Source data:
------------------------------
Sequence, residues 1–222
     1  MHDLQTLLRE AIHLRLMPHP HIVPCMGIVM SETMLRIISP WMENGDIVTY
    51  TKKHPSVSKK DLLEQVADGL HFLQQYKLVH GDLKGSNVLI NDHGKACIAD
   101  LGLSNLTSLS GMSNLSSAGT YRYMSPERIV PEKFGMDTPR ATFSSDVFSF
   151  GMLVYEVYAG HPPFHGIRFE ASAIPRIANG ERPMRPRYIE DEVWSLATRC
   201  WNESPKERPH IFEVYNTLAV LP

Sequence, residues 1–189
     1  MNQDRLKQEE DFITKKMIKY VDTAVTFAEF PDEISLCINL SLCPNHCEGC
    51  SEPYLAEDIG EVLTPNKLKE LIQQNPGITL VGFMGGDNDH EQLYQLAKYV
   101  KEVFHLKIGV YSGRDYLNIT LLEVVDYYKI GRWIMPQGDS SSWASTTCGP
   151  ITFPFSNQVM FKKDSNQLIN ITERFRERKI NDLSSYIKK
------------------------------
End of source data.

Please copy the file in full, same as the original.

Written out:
Sequence, residues 1–222
     1  MHDLQTLLRE AIHLRLMPHP HIVPCMGIVM SETMLRIISP WMENGDIVTY
    51  TKKHPSVSKK DLLEQVADGL HFLQQYKLVH GDLKGSNVLI NDHGKACIAD
   101  LGLSNLTSLS GMSNLSSAGT YRYMSPERIV PEKFGMDTPR ATFSSDVFSF
   151  GMLVYEVYAG HPPFHGIRFE ASAIPRIANG ERPMRPRYIE DEVWSLATRC
   201  WNESPKERPH IFEVYNTLAV LP

Sequence, residues 1–189
     1  MNQDRLKQEE DFITKKMIKY VDTAVTFAEF PDEISLCINL SLCPNHCEGC
    51  SEPYLAEDIG EVLTPNKLKE LIQQNPGITL VGFMGGDNDH EQLYQLAKYV
   101  KEVFHLKIGV YSGRDYLNIT LLEVVDYYKI GRWIMPQGDS SSWASTTCGP
   151  ITFPFSNQVM FKKDSNQLIN ITERFRERKI NDLSSYIKK